Is it time to look for another name for this phenomenon?

Alexis Direr, a researcher at the University of Orleans in France, has published an article summarising the mathematical foundations of Uniswap and other exchanges based on Automated Market Makers.

Automated Market Maker is the term for a kind of decentralized exchange that reached significant popularity in 2020, led by Uniswap.

In short, these exchanges eliminate traditional order books and instead are based on liquidity groups governed by a mathematical formula. Traders can always trade the group for even the most illiquid tokens, but each order will affect the price of the asset they are trading, a phenomenon called ‘slippage’.

The mathematical formula defines how the price changes in response to the size of a particular order. For example, the formula may say that trading 10 Ether (ETH) for Dai (DAI) yields USD 3500, but trading 100 ETH yields only USD 3,400. The formula is often called the “linkage curve”, as the various possible combinations describe a particular price curve. In the case of Uniswap, the curve is a hyperbola, although other MMAs may have more complex ways of optimizing for different scenarios.

MMAs depend on liquidity providers: individuals and entities that commit their capital to liquidity groups to facilitate transactions and reduce slippage. In return, LPs get commercial rates paid by users.

While this may seem like good business, liquidity providers must deal with “impermanent” losses. LPs can end up with less money than they initially invested when the price fluctuates significantly in one direction. Compared to a 50:50 portfolio of the assets in question, the portfolio has a significantly lower return with large price deviations.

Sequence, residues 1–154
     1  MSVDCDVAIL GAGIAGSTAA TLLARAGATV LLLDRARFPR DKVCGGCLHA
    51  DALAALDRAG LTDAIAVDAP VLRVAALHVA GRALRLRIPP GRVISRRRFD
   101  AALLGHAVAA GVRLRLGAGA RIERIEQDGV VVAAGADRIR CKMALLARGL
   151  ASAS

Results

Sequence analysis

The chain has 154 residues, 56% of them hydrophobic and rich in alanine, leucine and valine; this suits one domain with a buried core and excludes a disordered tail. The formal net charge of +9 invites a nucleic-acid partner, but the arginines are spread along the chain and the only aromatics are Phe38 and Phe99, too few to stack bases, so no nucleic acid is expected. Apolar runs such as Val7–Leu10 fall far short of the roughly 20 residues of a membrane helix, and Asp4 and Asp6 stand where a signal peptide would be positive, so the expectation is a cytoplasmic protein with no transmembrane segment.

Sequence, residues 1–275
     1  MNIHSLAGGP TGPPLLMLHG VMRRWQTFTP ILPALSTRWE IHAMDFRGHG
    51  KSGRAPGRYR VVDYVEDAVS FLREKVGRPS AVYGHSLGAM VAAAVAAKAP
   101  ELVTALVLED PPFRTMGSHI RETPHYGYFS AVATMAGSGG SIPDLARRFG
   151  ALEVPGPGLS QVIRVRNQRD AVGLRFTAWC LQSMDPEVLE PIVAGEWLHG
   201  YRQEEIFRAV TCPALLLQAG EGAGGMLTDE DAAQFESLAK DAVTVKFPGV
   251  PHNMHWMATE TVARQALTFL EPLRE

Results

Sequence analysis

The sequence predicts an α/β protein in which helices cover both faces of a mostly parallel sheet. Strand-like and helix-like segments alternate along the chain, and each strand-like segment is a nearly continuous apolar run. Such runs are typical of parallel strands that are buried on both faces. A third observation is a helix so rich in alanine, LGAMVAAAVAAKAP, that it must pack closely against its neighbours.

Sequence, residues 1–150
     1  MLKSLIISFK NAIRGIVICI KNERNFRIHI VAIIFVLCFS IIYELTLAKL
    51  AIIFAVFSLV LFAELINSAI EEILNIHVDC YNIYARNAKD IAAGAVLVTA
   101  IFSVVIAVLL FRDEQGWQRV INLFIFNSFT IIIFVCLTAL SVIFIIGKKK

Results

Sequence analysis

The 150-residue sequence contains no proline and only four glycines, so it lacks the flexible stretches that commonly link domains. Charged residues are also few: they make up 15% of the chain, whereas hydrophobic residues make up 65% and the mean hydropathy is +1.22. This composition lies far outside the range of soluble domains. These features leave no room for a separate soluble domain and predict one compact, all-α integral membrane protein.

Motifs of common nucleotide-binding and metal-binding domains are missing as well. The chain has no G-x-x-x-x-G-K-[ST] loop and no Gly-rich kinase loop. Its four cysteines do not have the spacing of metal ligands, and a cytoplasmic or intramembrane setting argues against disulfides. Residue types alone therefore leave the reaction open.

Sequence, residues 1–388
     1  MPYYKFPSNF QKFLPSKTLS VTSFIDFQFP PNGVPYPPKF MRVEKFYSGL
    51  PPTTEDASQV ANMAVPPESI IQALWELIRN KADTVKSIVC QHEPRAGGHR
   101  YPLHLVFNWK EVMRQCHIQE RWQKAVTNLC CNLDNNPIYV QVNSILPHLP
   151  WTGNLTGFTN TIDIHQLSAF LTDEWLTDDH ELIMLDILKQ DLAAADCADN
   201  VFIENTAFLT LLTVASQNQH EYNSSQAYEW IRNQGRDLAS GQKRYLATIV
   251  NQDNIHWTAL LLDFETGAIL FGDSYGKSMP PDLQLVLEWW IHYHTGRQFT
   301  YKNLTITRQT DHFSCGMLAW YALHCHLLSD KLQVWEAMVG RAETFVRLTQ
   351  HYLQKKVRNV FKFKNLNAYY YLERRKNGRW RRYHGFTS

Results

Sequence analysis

The researcher explains that this phenomenon is caused by the presence of arbitrage traders. External market prices do not follow the linkage curve, so constant action is needed to keep the Uniswap price in balance with the rest of the market. But when arbitrageurs rebalance the group to the correct value, they do so at a “sub-optimal exchange rate” defined by the tie curve. This action extracts value from the liquidity providers in favour of the arbitrageurs.

The loss is generally referred to as “impermanent” because if the price were to return to its initial value, the liquidity providers would be completely flat compared with the 50:50 benchmark portfolio. Discounting the case where the price moves permanently to a new equilibrium, Direr raises the question:

“The fact that the two strategies give the same result seems disturbing at first. In the pooling strategy, the pool incurs arbitrage costs twice […] In the holding strategy, investors avoid arbitrage costs entirely, but end up with the same final wealth. How is this possible?”

The researcher’s answer is that the way benchmarking is commonly done is misleading. Uniswap constantly rebalances the group as it goes up or down, so that liquidity providers have fewer units of the asset that went up in price and more units of the asset that went down in relative terms.

LPs effectively perform a two-way profit and cost averaging technique. They secure part of the profits as the price of an asset rises and progressively buy more as it falls again.

Similar to how such an averaging technique would work, a 50:50 portfolio which is constantly rebalancing will generate profits, even though the price returns to the initial number. In comparison the value of the liquidity fund simply remains where it was.

Therefore “temporary loss” appears to be a misleading term. The loss is always permanent, but in the optimistic scenario it simply cuts into the gains that an equivalent strategy would have made.

Bancor V2 and Mooniswap have adopted techniques to mitigate this type of loss. The former uses oracles to read the actual market prices and balance the group accordingly, while the latter introduces a gradual time delay to minimise arbitrage traders’ profits.